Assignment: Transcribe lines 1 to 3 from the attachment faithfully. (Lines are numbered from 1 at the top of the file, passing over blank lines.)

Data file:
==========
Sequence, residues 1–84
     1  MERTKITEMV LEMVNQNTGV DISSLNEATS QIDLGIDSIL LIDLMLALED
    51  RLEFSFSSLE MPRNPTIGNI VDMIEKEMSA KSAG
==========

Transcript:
Sequence, residues 1–84
     1  MERTKITEMV LEMVNQNTGV DISSLNEATS QIDLGIDSIL LIDLMLALED
    51  RLEFSFSSLE MPRNPTIGNI VDMIEKEMSA KSAG